First, we are told in Scripture that we are to do good to all men, specifically to the household of God. We are told that the doing of good is how we judge whether a widow is put on the list to be cared for by the church. We are told that Christ will look at the good deeds we've done on the day of judgment. We are NEVER told that if we have a selfish attitude toward doing good, we shouldn't bother doing it. Motives are not the issue in the doing of good. In fact, there are selfish motives in not wanting to be judged and assigned a place with the wicked who don't do good. There are selfish motives in wanting us to feel good about doing good. There are always selfish motives within us because we are always sinners simultaneously justified. Hence, we ought to always do good and seek to correct our motives in those works, not in the denial of them.

Second, the argument that one is doing a further non-good by doing good assumes that an evil is not being committed already in a disposition of selfishness. In other words, the reason why one has selfish motives is because one is selfish. He is not less selfish because he refrains from doing a good for selfish reasons. He may, in fact, be more selfish because he is so consumed with himself that rather than care for a child, the poor, a widow, etc. and think of himself as a selfish person for doing so, he would disallow the child's existence, starve the poor, and let the widow be thrown out of her home. I can think of nothing more selfish than that.

Third, based upon the previous two observations, what needs to happen is for the selfish person to correct his attitude in the doing of good, not refrain from doing good in order to check it. That is completely counter to the argument in Scripture. It says with the unfaithful servant, "I knew you were an exacting man" (Luke 19:20), so upon that basis, seeks only to preserve himself in refraining from doing good, so that he might not be judged for it.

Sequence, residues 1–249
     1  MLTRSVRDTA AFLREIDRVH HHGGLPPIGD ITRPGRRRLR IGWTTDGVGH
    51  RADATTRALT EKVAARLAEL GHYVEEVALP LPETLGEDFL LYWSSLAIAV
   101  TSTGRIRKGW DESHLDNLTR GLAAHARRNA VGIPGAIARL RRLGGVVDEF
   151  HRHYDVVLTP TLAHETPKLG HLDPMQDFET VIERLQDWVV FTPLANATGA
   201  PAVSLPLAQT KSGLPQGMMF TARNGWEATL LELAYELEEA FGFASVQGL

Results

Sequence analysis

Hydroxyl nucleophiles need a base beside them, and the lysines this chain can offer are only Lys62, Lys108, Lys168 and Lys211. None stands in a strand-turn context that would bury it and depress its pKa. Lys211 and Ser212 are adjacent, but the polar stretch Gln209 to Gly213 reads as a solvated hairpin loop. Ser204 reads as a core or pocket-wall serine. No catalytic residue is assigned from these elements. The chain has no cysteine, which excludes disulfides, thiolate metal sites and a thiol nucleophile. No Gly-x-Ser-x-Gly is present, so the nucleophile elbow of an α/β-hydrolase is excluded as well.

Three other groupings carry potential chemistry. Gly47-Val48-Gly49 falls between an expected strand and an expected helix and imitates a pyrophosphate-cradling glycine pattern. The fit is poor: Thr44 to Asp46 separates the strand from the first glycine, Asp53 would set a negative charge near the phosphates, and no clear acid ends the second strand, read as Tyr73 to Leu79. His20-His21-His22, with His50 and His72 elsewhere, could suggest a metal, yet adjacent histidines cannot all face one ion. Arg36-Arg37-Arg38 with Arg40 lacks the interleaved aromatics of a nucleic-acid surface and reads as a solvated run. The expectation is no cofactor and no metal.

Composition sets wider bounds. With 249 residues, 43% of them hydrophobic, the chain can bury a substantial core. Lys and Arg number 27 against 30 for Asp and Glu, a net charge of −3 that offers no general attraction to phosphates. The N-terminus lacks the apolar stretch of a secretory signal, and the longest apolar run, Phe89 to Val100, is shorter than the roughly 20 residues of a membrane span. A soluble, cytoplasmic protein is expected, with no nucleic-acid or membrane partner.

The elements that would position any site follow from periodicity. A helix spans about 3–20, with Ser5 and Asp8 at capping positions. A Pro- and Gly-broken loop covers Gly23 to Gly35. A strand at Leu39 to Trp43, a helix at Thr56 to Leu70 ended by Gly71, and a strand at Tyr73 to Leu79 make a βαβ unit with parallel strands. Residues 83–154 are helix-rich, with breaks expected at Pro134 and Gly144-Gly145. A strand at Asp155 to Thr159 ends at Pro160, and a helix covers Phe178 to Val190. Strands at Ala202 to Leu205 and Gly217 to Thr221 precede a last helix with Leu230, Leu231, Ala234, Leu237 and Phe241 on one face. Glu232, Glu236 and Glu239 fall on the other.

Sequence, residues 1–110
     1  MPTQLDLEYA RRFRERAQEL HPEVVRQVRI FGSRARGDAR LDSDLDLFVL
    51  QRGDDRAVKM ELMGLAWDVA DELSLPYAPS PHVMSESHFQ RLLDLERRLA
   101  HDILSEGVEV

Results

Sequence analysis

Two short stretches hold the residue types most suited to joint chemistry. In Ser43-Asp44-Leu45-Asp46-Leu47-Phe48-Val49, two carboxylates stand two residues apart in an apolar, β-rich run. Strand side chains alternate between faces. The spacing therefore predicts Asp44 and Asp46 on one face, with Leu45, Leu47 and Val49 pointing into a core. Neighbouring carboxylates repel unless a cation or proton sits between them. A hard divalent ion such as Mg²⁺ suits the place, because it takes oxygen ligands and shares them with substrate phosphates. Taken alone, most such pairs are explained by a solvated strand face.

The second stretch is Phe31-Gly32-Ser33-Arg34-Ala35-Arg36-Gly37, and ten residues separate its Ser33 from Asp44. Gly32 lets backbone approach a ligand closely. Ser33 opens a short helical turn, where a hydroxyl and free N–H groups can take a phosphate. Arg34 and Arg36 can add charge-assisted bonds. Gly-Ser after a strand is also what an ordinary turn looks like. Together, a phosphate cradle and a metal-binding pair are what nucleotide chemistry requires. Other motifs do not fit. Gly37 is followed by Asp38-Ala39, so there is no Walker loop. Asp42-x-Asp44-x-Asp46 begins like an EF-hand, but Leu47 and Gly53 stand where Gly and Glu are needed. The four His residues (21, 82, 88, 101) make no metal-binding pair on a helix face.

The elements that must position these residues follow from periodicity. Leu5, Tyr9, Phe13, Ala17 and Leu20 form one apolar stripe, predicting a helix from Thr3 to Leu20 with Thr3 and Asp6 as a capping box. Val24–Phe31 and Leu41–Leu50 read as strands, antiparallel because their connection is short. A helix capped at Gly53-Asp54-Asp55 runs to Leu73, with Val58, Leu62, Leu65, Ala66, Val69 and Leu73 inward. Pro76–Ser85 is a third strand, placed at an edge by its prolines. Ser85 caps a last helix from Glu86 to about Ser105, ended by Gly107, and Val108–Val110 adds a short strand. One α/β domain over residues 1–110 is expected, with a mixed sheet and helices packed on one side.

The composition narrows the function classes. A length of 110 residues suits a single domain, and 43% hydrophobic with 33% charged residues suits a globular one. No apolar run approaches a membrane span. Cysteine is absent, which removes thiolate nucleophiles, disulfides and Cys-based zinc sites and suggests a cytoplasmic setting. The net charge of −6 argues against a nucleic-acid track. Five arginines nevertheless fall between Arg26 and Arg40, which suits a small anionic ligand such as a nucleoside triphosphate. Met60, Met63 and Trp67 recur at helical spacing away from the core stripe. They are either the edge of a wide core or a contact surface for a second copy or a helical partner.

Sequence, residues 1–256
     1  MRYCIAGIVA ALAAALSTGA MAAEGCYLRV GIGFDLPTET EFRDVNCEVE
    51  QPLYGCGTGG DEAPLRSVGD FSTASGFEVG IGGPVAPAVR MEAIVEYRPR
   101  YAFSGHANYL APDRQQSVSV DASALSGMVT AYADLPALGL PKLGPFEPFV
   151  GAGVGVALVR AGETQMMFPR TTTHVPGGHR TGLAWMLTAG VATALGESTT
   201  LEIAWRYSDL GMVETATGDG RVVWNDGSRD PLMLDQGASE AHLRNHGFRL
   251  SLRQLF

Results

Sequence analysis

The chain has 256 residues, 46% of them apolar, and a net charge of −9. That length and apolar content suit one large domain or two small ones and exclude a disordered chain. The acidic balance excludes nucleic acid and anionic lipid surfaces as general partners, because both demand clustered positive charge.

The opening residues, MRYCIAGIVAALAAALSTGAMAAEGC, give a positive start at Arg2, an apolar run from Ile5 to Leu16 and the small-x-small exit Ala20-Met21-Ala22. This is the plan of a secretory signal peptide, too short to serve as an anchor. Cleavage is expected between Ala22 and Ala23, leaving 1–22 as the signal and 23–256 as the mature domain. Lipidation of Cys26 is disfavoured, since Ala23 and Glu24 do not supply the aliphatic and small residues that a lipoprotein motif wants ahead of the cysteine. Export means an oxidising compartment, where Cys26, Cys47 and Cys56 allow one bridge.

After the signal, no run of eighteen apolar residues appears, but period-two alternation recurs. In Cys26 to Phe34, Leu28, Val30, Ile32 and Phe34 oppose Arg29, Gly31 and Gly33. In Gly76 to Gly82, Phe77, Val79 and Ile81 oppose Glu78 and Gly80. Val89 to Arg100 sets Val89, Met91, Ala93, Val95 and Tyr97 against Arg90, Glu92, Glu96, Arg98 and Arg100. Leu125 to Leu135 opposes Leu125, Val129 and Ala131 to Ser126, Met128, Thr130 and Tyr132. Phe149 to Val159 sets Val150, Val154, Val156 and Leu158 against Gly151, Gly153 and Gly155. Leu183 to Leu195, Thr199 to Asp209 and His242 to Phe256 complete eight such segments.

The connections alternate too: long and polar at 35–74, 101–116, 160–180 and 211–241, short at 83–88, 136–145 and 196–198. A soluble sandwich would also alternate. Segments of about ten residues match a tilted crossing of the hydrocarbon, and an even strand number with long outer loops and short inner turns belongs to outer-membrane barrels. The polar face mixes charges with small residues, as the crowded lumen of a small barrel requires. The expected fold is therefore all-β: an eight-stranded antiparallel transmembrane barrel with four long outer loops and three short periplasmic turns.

Fourth, selfishness isn't primarily an attitude in Scripture. It's an action. It would be nice to have it as both, but if one has to go, it's not the action, which Scripture sees as primary. Notice that even in the preaching of the gospel, Paul doesn't argue that those who have wrong motives should stop doing it, but rather that he is pleased about the work of good, the preaching of the gospel being accomplished, even through men with false motives. If he were to correct them, then, as he is likely doing here, he would correct their false motives, not their actions. 

Fifth, it assumes a vehicle toward breaking our selfishness is in the refraining from good rather than in the obedience to do good (i.e., the seeking to do good even in the face of our own selfishness). In other words, what is the cure for selfishness but a life of selfless acts? In the doing of good, one learns to love others. I don't see how Jeremy's argument doesn't suggest that one should hide away in a closet somewhere, and never interact with others if their interactions are for selfish reasons; and yet, it is in the very interaction with others that one learns to become selfless. I see no difference here in the seeking of children, as one may begin one's journey of raising children in selfishness, but children are often God's instruments that teach even the most hardened of sinners to love, especially if one is a Christian, since God works all things to conform us to the image of His Son, and He would certainly use children as a means to do so, and use us as the means to do the same for them. 

So Jeremy argues some good and brilliant stuff most of the time, but not so much this time.